SEC play is now only a day away for No. 8 LSU (3-0), which will host Western division foe Mississippi State (3-0) in Tiger Stadium Saturday night at 6:05 p.m. ESPN will have the live television broadcast.
Today I’ll bring the State Scouting Reports full-circle with an in-depth look at the cowbell crew’s 4-3 defense under coordinator Geoff Collins, in the midst of his fourth season in Starkville.
PROJECTED STARTING LINEUP
DT: P.J. Jones (Sr., 6-3, 296)
DT: Kaleb Eulls (Sr., 6-4, 295)
DE: Preston Smith (Sr., 6-6, 270)
LB: Matt Wells (Sr., 6-2, 220)
LB: Benardrick McKinney (Jr., 6-5, 249)
LB: Beniquez Brown (So., 6-1, 235)
CB: Jamerson Love (Sr., 5-10, 175)
FS: Justin Cox (Sr., 6-3, 192)
SS: Jay Hughes (Sr., 5-11, 195)
CB: Taveze Calhoun (Jr., 6-1, 184)
Key Backups: DT Chris Jones (So., 6-5, 308), DE Nelson Adams (So., 6-3, 300), DE A.J. Jefferson (So., 6-3, 270), LB Christian Holmes (Sr., 6-1, 230), FS Deontay Evans (So., 5-10, 205), CB Tolando Cleveland (So., 6-0, 180)
WHAT YOU NEED TO KNOW
Three things right off the bat are clear about this talented Bulldog defense.
First, they’re going to line up for the most part in a traditional 4-3 alignment LSU is accustomed to seeing. Second, they’re going to employ a lot of zone coverage in the secondary. Third, Collins and defensive line coach David Turner have waves of good players with legitimate size to roll in on the front four.
Starting with that last item first, State’s depth along the defensive line will probably be the biggest shock to the LSU offense’s system in comparison to what the Tigers have seen through three games. Not only can MSU run out a pair of seniors in DE Preston Smith, who’s been named SEC Defensive Lineman of the Week in each of the last three weeks, and DT Kaleb Eulls in the starting lineup, but the Bulldogs also boast plenty of young talent in rotational roles with sophomores DT Chris Jones and DE A.J. Jefferson.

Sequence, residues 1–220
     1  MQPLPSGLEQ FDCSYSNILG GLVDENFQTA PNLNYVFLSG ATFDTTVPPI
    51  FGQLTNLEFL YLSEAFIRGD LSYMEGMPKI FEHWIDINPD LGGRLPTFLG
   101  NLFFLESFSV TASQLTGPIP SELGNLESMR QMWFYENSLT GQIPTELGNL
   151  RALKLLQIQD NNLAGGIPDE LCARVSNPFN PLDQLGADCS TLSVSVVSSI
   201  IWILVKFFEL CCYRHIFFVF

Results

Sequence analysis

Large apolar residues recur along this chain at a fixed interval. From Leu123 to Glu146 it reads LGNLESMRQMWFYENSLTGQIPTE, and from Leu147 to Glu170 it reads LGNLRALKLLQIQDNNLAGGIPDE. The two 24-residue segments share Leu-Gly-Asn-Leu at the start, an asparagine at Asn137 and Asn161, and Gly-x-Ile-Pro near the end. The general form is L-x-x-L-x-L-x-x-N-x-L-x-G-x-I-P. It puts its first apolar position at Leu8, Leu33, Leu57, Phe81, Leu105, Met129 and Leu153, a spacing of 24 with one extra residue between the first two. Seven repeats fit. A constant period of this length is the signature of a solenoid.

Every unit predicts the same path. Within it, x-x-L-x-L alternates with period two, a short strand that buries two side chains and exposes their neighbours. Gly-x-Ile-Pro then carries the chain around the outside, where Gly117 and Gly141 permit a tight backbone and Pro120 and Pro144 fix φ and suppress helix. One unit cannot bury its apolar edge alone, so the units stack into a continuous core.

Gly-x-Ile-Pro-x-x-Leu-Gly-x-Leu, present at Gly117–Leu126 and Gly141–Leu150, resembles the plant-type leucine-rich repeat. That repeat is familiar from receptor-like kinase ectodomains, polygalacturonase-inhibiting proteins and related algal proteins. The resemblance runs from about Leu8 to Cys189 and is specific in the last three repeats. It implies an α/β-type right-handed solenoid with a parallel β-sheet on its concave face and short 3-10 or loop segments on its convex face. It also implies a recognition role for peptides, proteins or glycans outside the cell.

Smith has been fantastic through three games, albeit against lesser competition, racking up three tackles for loss, two sacks, two interceptions (to lead the team), three quarterback hurries and two blocked kicks. As a team the Bulldogs have totaled 28 tackles for loss and 11 sacks. For comparison’s sake LSU has notched 20 TFLs and eight sacks so far.
The defensive ringleader, though, resides on the second level. Junior middle linebacker Benardrick McKinney, a beast at 6-foot-5 and 249 pounds, is on every conceivable award watch list you could imagine for his position. He leads the team in tackles with 20, tackles for loss with five and is tied with two others for the lead in sacks with two.
In the secondary State has drawn a lot of criticism after conceding 34 points, 548 total yards and 435 passing yards to UAB two weeks ago. Surprisingly enough, though, there is a decent amount of experience in that back four, so it's not as if the maroon and black are breaking in a lot of new players.
Three seniors and a junior, that’s what MSU will trot out in its first four. So the question becomes: Will the Tigers, who themselves are dealing with a lot of newness in the passing game, see the same group that was discombobulated against the Blazers? Or will LSU face the State secondary that surrendered a combined three points against Southern Miss and South Alabama?
Either way the scheme is a bit of a known at this point. LSU will encounter zone, something that even gave Zach Mettenberger & Co. some problems in the first half of last year’s contest in Starkville. It may take in-game adjustments, but Cam Cameron and the LSU offensive brain-trusts will have those young receivers in spots where they need to be. The rest, as it always is, will be up to the quarterback.